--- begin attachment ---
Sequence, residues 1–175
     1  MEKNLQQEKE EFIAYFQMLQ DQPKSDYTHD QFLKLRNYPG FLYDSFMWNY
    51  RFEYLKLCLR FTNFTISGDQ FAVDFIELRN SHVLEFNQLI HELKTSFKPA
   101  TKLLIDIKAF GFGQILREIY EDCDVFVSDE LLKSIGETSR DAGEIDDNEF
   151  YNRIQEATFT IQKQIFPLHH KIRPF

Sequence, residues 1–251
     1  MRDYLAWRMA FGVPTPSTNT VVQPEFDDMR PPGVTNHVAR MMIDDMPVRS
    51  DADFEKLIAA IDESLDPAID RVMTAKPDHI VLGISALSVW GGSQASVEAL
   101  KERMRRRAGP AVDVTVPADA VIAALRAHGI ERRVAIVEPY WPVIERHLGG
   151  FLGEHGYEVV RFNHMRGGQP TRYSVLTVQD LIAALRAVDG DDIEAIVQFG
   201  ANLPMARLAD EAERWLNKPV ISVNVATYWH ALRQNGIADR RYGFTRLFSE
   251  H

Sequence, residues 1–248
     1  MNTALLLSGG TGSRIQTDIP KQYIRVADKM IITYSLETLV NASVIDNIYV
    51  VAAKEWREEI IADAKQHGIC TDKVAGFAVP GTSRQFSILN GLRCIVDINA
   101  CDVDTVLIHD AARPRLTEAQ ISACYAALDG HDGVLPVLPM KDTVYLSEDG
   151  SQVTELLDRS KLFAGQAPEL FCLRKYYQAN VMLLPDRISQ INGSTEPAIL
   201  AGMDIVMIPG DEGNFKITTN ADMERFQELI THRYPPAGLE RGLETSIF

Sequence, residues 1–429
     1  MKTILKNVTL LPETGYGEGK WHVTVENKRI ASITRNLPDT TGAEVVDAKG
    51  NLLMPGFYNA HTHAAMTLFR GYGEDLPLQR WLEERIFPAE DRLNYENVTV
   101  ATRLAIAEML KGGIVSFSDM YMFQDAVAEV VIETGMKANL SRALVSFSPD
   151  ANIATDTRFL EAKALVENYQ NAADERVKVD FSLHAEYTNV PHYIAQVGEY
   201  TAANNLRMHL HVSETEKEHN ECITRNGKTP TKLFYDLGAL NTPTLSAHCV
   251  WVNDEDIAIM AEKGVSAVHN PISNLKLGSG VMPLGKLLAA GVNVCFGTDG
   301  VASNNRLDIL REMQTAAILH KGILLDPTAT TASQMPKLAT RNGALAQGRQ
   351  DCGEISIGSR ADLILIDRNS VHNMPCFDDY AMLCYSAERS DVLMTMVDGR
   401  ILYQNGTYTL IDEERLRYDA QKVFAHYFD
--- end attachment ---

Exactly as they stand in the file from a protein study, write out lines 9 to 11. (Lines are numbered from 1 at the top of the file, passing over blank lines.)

   101  KERMRRRAGP AVDVTVPADA VIAALRAHGI ERRVAIVEPY WPVIERHLGG
   151  FLGEHGYEVV RFNHMRGGQP TRYSVLTVQD LIAALRAVDG DDIEAIVQFG
   201  ANLPMARLAD EAERWLNKPV ISVNVATYWH ALRQNGIADR RYGFTRLFSE